The regional PDO selection for the Southwest region is Shippensburg University of Pennsylvania. The Shippensburg PDO also supports the Central, Northeast, and Northwest regions. See the regional PDO map here.

More Information

To learn more about PDOs, read the Pennsylvania Key’s announcement.

*Information provided by OCDEL 

News

September 5, 2019

Free Lamaze Class Series

Join Maya Organization this September for their free Lamaze Class Series.

About

The goal of Lamaze is to increase women’s confidence in their ability to give birth. In this class, participants will learn a variety of simple coping strategies that facilitate labor and increase comfort.

Registration

To register or ask questions, call 412.945.7670, ext. 103 or email christy@mayaorganization.org.

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August 23, 2019

Theiss Community Resource Fair

Join the Family Engagement Team of the Matilda H. Theiss Early Childhood Behavioral Health and Trauma Treatment Center on August 23 for the Theiss Community Resource Fair.

About

Held at the Hill House Association, the Theiss Community Resource Fair seeks to provide families and the community with information about local organizations and opportunities to engage with Allegheny County Community Providers that serve families and children.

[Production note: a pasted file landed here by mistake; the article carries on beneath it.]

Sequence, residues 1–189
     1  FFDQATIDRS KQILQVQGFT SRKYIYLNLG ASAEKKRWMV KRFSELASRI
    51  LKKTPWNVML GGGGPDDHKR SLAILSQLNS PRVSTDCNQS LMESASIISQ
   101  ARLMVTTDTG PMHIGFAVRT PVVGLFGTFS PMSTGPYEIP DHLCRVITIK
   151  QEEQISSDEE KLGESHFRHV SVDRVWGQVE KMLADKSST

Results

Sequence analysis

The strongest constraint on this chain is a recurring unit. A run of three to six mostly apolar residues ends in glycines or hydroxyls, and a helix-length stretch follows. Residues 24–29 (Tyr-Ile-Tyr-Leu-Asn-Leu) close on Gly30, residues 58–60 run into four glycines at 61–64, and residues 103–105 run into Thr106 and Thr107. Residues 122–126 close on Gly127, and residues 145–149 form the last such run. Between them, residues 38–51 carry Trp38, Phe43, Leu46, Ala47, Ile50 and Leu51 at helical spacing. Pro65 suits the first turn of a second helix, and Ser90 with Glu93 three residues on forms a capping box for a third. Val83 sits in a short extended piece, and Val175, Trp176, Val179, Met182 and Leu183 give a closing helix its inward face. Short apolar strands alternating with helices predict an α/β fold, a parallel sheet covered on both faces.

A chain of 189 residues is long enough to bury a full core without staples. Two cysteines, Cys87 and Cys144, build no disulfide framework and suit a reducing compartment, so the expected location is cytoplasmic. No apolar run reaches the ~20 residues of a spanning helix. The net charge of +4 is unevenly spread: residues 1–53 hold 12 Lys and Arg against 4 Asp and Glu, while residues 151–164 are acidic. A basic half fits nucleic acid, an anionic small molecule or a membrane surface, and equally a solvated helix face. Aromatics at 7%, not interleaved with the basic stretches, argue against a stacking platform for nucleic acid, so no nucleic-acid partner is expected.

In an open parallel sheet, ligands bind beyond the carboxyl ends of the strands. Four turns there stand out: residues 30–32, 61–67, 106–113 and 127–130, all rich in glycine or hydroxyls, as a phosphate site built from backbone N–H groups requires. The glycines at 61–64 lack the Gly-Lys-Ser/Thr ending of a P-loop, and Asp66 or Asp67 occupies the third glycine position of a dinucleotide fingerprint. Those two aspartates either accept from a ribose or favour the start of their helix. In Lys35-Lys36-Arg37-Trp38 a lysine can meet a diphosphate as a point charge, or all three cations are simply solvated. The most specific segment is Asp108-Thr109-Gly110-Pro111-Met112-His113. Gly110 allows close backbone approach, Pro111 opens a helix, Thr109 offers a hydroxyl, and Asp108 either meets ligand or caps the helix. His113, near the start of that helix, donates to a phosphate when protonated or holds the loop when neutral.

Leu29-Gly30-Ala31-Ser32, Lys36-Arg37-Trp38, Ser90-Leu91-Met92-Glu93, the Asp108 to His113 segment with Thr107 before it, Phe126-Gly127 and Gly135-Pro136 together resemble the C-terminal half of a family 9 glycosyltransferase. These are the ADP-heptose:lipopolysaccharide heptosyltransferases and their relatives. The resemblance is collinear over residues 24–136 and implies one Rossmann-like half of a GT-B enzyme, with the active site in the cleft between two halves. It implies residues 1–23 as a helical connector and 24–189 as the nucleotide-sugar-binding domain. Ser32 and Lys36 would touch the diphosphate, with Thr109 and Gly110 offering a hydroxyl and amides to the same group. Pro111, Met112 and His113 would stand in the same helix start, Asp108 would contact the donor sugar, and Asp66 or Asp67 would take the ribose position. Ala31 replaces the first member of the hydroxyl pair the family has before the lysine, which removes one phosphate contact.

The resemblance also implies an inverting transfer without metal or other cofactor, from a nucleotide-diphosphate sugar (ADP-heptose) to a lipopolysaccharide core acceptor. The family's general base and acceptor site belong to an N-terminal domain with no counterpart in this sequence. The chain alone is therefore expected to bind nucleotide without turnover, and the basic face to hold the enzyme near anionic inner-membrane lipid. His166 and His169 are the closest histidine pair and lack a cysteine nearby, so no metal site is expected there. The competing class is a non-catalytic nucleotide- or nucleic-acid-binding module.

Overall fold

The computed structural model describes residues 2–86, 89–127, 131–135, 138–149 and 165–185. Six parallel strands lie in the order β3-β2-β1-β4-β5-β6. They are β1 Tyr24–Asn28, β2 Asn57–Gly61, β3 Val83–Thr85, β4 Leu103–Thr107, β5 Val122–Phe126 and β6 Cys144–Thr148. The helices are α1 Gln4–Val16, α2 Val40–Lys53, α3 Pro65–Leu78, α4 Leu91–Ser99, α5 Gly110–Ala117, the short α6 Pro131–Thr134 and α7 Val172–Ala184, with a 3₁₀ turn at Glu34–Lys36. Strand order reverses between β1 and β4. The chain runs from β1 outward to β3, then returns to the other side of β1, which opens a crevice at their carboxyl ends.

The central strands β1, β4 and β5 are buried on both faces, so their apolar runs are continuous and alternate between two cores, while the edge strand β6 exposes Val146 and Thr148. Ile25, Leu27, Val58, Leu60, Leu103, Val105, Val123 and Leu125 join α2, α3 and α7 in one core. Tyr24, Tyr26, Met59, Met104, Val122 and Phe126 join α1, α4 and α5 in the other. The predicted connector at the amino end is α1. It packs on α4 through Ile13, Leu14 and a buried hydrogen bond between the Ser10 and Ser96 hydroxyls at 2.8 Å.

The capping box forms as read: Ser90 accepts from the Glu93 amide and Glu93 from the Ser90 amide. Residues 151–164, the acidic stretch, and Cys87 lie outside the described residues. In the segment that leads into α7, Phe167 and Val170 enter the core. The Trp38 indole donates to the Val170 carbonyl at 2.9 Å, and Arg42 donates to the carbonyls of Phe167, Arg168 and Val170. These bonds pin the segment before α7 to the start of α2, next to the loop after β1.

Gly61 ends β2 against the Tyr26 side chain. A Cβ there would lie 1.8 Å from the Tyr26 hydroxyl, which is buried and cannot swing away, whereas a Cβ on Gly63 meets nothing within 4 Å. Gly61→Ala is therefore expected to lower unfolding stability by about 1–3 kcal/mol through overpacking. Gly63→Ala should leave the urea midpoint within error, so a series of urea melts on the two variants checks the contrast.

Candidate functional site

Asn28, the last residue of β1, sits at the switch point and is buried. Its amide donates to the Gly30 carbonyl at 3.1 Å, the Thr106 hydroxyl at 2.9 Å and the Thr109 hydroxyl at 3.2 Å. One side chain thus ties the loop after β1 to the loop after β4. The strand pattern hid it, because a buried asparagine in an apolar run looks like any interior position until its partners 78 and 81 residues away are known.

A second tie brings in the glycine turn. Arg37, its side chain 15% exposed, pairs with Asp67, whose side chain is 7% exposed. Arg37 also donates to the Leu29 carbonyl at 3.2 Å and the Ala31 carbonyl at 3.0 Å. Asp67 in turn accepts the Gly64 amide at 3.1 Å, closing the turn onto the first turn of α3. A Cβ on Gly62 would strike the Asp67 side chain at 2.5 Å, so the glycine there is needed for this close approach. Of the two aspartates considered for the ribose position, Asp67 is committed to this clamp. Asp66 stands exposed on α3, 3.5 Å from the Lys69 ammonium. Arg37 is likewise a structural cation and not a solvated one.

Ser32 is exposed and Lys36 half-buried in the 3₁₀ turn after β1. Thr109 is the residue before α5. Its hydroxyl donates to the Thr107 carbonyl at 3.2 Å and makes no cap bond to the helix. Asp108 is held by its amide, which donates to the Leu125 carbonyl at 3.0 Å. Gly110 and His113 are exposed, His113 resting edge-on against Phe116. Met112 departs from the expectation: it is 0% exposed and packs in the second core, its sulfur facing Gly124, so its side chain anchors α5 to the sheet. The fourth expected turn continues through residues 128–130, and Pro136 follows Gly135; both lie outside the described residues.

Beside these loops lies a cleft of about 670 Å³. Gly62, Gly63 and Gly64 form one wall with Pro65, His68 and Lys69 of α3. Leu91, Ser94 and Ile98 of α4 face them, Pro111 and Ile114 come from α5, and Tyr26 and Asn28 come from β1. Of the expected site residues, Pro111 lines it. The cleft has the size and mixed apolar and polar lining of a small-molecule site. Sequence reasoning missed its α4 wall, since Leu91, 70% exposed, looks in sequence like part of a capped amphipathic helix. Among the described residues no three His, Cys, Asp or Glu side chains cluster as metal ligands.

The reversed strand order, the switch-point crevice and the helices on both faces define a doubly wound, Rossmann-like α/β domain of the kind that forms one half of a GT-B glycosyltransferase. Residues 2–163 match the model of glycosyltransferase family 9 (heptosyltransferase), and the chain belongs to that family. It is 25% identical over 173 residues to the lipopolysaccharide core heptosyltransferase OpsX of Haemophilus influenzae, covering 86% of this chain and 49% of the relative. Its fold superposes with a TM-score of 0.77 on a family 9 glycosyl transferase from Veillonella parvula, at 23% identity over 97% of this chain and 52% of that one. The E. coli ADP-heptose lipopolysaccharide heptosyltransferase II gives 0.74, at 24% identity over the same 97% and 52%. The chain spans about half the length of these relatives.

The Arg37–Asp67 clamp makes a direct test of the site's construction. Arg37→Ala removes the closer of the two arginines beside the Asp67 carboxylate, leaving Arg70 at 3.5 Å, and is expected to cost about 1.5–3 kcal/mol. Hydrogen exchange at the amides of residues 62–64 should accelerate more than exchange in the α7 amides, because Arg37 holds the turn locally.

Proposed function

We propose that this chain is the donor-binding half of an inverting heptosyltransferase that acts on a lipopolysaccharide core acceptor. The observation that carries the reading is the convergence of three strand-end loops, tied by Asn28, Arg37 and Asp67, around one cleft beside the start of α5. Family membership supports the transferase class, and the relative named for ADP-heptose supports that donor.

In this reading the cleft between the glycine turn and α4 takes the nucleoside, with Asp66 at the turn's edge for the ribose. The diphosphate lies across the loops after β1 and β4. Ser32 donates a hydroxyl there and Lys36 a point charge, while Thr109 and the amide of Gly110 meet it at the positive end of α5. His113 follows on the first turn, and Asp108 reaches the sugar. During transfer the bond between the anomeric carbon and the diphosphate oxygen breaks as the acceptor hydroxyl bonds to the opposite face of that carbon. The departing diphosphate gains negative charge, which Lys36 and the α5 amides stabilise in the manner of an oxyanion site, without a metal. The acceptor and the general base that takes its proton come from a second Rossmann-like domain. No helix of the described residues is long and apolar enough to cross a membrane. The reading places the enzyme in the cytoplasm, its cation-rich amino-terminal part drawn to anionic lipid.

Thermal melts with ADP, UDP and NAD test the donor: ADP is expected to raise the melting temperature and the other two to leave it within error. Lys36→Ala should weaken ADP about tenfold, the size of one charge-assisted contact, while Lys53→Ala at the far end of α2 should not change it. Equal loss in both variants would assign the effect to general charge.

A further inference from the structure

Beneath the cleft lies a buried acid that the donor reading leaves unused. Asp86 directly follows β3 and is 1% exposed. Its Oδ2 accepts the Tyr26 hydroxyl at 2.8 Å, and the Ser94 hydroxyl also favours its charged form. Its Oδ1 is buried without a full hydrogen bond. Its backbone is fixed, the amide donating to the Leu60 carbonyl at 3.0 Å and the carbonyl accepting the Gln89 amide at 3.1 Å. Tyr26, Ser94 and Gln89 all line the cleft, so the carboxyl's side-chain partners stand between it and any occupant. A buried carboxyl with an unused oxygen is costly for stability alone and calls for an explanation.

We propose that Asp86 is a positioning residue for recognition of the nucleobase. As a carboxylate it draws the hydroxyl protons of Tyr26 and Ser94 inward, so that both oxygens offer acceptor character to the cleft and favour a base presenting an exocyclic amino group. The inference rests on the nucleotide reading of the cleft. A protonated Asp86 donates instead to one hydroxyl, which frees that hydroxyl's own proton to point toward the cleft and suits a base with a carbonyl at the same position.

More Information

For more information or to host a table, contact  Ms. Dee Burgess at 412.383.1557.

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August 22, 2019

Leap into Science! Workshop

Professionals and community members that teach Preschool/School Age children and/or families are invited to join a national network for science and literacy. By joining, you will receive training and materials to lead Leap into Science workshops.

What is Leap into Science?

Leap into Science is a nationwide program developed by the Franklin Institute Science Museum that integrates open-ended science activities with children’s books, designed for children ages 3-10 and their families. The program empowers educators to offer workshops in community settings like libraries, museums, and out-of-school time programs to engage underserved audiences in accessible and familiar settings. Leap into Science provides workshops on a science theme for three possible audiences: early childhood, elementary, and family groups.